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The Science of Problem Solving

February 22, 2017

Mark Kallevig merges research and competition with his quest for creative answers.

As the sun sets, Mark Kallevig stands on the UMD research vessel, the Blue Heron. He is surrounded by water with no shore in sight. The UMD junior carefully walks, holding the sturdy sides of the research vessel. At the back of the ship, only two chains separate Mark and Lake Superior’s life-threatening, frigid water.

Mark joined Dr. Sam Kelly on this five-day Lake Superior expedition to collect data for a study of sub-surface waves in Lake Superior. Sam, who’s a professor and researcher with UMD’s Large Lake Observatory, taught Mark’s freshman seminar. He invited Mark to crunch numbers on one of his research projects and when summer rolled around, he asked Mark to come aboard the Blue Heron.

The two start a dusk and work though the night, hauling up a heavy mooring using a winch, all while the boat is underway. They work carefully and efficiently. Time is of the essence because they have a lot to accomplish. Mark and Sam change the batteries, remove the sensors from the mooring wire, and collect the data from the sensors. "It was 3 in the morning before we returned the moorings to the water," says Mark.

The mooring rests 10 meters below the surface. Every two seconds, all year, this mooring, and four more like it, collect the lake’s temperature.

The data is Mark’s focus, but the physical process of gathering the input was an intriguing challenge for Mark. “We couldn’t have everything exactly planned out, so it was cool to see how well we were able to  innovate on the spot,” says Mark.


Back on land, Sam is following Sam's research. There’s a lot of data; and that in itself is a big problem to solve. “There are 50 temperature sensors that record temperature every two seconds for an entire year,” says Mark. "All that information has to be analyzed and themes have to be found."

Sam’s research examines wave patterns. Mark explains it this way, "The moorings gathered the temperature of the water along the thermocline: a thin layer of water with a large temperature gradient of about 39 degrees F at the bottom to 60 degrees F on the top. The source of these waves is unknown, but Sam thinks they may be caused by surface waves hitting the shore, and disrupting the equilibrium of the thermocline."


As we've seen, Mark, a junior in physics and electrical engineering, welcomes problems and he seeks out challenges.

For the last three years, Mark, a junior, has been the president of UMD’s Chapter of Society of Physics Students (SPS). The group seems to like solving problems as much as Mark does. “We order pizza and just try and figure out set problems for fun,” says Mark.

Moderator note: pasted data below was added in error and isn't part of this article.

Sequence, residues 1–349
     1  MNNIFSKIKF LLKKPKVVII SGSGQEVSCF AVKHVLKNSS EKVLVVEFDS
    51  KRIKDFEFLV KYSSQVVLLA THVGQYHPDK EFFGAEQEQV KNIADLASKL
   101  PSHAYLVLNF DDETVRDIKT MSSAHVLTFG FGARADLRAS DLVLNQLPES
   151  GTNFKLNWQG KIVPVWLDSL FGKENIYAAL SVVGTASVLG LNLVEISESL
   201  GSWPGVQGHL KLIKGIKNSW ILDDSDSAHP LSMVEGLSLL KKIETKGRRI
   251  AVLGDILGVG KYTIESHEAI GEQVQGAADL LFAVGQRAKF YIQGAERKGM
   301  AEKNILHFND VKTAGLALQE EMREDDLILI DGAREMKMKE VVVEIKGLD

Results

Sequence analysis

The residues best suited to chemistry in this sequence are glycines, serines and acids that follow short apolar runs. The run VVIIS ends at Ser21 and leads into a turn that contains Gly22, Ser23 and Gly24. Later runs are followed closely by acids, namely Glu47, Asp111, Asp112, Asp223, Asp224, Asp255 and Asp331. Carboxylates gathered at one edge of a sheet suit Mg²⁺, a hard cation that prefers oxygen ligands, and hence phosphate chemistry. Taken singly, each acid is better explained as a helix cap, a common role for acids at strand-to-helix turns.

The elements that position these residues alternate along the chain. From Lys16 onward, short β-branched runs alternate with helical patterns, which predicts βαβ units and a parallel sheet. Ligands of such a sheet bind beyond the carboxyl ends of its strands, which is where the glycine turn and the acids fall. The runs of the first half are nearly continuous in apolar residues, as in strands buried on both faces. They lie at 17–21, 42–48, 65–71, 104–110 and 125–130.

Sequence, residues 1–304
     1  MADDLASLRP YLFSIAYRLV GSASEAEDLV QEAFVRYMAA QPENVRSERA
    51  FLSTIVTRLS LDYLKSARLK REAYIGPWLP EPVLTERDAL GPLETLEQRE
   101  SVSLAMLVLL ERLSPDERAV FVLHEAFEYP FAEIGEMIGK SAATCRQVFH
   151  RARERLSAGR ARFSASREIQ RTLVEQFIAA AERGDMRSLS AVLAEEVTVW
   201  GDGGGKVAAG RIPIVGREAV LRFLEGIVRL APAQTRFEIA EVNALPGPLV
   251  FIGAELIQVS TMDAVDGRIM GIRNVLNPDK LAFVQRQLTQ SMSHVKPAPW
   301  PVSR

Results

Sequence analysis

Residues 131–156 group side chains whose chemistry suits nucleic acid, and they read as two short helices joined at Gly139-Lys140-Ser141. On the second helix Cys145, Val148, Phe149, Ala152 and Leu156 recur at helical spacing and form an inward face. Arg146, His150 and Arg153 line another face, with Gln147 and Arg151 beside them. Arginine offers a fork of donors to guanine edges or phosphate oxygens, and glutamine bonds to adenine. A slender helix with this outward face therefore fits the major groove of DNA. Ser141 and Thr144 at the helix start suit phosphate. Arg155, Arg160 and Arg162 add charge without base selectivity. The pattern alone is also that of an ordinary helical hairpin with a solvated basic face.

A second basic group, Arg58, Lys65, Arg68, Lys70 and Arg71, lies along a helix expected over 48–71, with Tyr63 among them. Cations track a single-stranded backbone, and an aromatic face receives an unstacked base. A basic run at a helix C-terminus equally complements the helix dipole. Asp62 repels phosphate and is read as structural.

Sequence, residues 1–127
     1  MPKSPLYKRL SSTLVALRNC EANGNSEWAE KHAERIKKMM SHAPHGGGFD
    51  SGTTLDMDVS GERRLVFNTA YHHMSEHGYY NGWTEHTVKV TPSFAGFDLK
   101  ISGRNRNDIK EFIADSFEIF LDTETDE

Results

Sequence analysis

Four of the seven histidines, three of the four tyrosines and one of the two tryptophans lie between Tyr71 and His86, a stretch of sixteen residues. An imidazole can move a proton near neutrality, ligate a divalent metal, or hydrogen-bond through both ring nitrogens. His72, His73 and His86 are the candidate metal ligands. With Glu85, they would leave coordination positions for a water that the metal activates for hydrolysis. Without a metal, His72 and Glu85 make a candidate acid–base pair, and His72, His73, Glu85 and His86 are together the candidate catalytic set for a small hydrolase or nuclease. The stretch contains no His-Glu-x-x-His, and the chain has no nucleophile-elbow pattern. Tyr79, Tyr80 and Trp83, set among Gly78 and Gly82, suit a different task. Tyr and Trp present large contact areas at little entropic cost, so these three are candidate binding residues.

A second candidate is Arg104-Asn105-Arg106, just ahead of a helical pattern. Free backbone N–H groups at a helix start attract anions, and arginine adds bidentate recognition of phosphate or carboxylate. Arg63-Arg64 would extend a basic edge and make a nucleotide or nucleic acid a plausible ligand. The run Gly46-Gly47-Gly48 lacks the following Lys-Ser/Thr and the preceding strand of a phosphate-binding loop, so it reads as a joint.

They also enter competitions. Area high school and college students compete in solving theoretical and experimental physics problems in UMD’s Physics Olympiad. Mark made sure he entered the competition when he was a freshman.

“The Olympiad problems take more clever thinking than they do extensive physics knowledge,” says Mark.  In the 2015 round, “I had difficulties with the three written questions at first, but then I had a breakthrough on one of them.” At the end of the time allowed, Mark had chosen one of the questions and solved it.   

Turns out, that was all it took for Mark to place first.

Mark and a couple of friends from SPS club recently took on another challenge. They entered the International 2016 Mathematical in Modeling Team Contest. They received three problems on a Thursday night and had 72 hours to turn in the solution to one of them. “It’s kinda' like a take home test, except you feel like you need to be working on it the whole time,” says Mark.  

The question they chose was to design a way to get rid of space debris. "It’s actually a real problem because the debris can potentially knock out GPS satellites," says Mark. “We looked at orbits and modeled ways to de-orbit the debris.”

“We didn’t win the international contest, but we had a lot of fun,” Mark says. "We had a clever solution that was well thought out."

Mark's unique approach to learning earned him the Scholarship in Honor of Dedicated Faculty. It's also taken him from contests and school work to research. Mark isn't certain of a career path quite yet. Graduate school and a job in engineering are on the list of possibilities and so is owning a business. Mark is sure of one thing, it will involve problem solving.

"I really enjoy solving problems," he says.

For more information, visit the Department of Physics and Astronomy website

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